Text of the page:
Sarawakian architects win ‘Langit’ architecture competition
KUCHING: An eco-friendly 18-storey mixed-use commercial building design clinched Langit‘s top prize for Sarawakian architects Jascinta Yii and Alan Kueh.
Practising in Kuching and Melbourne respectively, Yii and Kueh’s joint submission included public spaces, offices, apartments, plant nurseries — all designed with inter-generational living in mind.
Judges called the entry “impactful, providing high-density, yet adaptable multi-generational living and
working units”. It was also praised for promoting ideas of sustainable living with urban farming as a
Langit: Reaching for greater heights in design and living
Langit is Sarawak’s first ever national architecture contest. Hock Seng Lee, in collaboration with Next
Phase (HSL-NP), intends to build one of the winners. The project site is a compact 0.78acres at a strategic
location within Kuching’s central business district.
Chief Minister Datuk Patinggi Abang Johari Tun Openg announced the results at HSL Tower here on
“The Sarawak Government enjoys a close relationship with architects. This is clear to see in our urban
planning, public parks and institutional buildings. In Sarawak, we know cities are made for people and the
people make good cities. We know that development plans must start from the human level,” Abang Johari said.
“My friends at HSL-NP codenamed this competition Langit because in Bahasa Sarawak, ‘Lang’ means
door, and in Malay, Langit is the sky. We want to reach for greater heights together. I hope Langit will be
the prototype of, not only a new building, but a new way of thinking about development.”
Different strengths, different messages
Second place went to Just Architecture, third place to MOA Architects, and two honourary mentions to UT
Moh Architect and Arkitek LH Wong. Their designs ranged from futuristic vertical farms to 39-storey
The third-place winner, MoA Architects, uniquely, is a twin tower designed using a plot-ratio system. This
planning method is similar to those used in regional megacities like Kuala Lumpur, Singapore and
The plot-ratio system allowed MOA Architects’ entry to have a large and meaningful public space at the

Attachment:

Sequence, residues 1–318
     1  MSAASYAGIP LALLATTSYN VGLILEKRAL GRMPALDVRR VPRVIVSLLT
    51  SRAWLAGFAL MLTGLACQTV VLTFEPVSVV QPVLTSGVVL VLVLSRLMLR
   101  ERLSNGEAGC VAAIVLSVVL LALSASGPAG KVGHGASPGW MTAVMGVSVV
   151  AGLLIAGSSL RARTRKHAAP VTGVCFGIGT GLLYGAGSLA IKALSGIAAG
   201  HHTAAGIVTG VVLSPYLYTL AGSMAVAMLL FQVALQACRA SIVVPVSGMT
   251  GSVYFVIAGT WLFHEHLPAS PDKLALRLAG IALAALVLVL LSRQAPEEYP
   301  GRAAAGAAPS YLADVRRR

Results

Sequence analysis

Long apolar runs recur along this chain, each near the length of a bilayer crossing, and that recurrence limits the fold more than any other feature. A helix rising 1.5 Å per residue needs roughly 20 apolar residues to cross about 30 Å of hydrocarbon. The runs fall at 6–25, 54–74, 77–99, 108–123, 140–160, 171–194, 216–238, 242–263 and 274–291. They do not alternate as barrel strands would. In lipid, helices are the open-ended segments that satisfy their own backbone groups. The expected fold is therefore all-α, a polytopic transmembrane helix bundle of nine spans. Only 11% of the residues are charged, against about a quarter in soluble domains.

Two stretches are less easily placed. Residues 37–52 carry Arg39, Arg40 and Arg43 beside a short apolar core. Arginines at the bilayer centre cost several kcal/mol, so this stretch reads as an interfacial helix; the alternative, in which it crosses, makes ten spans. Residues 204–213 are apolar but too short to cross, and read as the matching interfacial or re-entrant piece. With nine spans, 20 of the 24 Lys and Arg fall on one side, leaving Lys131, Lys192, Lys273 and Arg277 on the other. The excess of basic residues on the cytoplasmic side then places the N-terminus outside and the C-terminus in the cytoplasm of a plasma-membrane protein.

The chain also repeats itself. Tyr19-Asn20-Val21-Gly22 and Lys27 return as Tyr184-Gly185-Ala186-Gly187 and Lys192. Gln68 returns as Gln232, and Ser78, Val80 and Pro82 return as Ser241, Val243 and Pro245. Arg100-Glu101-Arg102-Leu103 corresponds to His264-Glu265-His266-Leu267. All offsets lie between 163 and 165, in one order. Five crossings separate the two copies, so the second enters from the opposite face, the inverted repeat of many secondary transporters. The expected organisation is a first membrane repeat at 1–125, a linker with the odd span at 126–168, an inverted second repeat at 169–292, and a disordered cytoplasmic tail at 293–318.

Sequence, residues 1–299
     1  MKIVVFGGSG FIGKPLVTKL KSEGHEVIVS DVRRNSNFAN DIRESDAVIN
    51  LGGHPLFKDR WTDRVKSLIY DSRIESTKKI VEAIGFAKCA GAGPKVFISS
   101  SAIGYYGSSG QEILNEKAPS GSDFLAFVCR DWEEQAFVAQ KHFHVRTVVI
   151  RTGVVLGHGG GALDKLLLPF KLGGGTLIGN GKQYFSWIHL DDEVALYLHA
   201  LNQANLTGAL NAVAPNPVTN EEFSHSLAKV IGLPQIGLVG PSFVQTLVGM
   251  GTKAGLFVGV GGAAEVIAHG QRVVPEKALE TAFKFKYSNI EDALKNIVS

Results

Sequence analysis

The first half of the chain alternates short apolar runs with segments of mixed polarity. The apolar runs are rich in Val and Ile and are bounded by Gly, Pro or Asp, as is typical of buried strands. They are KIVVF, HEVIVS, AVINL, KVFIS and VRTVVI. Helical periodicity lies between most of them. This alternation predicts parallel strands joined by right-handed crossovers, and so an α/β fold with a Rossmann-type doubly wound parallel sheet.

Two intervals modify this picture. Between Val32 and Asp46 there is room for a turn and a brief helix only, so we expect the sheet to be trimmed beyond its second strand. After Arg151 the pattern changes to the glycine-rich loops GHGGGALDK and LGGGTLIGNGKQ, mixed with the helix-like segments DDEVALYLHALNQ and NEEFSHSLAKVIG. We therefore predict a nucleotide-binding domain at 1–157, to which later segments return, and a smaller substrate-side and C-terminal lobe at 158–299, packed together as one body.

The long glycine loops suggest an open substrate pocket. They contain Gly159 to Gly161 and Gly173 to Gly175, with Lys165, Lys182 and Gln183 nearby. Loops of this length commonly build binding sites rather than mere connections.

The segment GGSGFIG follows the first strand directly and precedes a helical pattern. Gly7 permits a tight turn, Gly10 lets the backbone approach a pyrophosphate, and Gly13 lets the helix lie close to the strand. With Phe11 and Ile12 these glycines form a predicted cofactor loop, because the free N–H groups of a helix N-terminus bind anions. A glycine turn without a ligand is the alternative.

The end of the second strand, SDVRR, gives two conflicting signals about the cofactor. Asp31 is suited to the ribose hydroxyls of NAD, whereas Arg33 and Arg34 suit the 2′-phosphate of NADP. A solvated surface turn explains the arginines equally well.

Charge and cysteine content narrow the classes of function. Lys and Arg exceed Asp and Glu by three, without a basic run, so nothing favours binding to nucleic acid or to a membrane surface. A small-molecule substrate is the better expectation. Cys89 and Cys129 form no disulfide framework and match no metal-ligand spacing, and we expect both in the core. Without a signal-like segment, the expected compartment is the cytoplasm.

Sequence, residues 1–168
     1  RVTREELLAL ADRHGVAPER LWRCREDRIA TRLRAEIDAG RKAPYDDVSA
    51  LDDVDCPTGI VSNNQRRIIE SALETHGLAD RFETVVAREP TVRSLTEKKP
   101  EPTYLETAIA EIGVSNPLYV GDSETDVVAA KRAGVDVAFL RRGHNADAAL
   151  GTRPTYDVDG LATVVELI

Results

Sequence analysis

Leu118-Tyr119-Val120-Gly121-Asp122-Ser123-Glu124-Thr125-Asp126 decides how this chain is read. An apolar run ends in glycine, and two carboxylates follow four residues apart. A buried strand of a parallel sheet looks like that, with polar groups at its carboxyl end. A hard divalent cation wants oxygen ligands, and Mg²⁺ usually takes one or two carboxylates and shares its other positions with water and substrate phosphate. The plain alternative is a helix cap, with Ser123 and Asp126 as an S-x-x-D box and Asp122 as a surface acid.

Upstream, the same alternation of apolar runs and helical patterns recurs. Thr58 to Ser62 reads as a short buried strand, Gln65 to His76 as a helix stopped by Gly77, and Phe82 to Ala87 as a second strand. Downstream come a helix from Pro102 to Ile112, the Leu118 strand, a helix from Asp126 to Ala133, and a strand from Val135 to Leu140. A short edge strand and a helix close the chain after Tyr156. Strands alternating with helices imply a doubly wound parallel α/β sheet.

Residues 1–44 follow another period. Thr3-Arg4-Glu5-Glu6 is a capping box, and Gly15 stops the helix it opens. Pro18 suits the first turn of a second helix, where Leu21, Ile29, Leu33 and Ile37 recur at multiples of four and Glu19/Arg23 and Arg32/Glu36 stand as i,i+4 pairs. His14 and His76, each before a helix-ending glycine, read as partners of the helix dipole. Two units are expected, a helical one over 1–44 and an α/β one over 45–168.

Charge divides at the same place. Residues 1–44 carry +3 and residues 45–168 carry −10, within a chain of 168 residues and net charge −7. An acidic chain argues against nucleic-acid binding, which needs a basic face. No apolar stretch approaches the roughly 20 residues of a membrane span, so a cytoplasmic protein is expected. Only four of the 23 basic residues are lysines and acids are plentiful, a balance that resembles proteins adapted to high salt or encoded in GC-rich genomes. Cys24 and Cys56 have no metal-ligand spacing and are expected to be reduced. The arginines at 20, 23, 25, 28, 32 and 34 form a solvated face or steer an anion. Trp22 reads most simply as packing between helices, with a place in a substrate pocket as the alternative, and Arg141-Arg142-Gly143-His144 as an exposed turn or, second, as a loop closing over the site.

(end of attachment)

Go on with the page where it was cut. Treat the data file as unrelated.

Cash prizes for the top five totalled RM200,000.
The judging process was anonymous. Jury members comprised Malaysian Institute of Architects (PAM) president Datuk Ezumi Harzani, PAM Sarawak immediate past chairman Ivy Jong, Veritas Architects director Lilian Tay, multi-award winner and conservationist Mike Boon, and developer HSL-NP representative Yu Ji.
Challenging convention in the heart of Kuching city
“Many of the design ideas challenge conventional expectations and demonstrated refreshing approaches
in place-making in the context of Kuching. A majority of the submissions displayed clear commitment to
social and environmental sustainability,” said Jong, who was jury chair.
“The shortlisted schemes pushed various aspects of design ideas thinking and juries were impressed by
the creativity, approach and thoughts demonstrated.”
In 2021, there have been just two architecture competitions in the whole of Malaysia. The first was for
design the facade of a train station between Johor and Singapore. That competition, which the Johor
Sultan was the patron, concluded in February.
Langit began in March. Participants comprised some of Malaysia’s best known firms, including TR Hamzah
& Yeang, Design Network Architects, Dr Tan LM and Form Zero — all winners of national design accolades.
HSL-NP is the project site land owner and and competition sponsor.
HSL’s current HQ is the first privately built Green Building Index certified office in Sarawak. Located at the
200-acre La Promenade, it is the only Sarawak development to win the trifecta of awards from developers,
landscapers and architects’ institutes.
For more info, visit langitkch.com, hsl.com.my or search #LangitKch and @hslcn on social media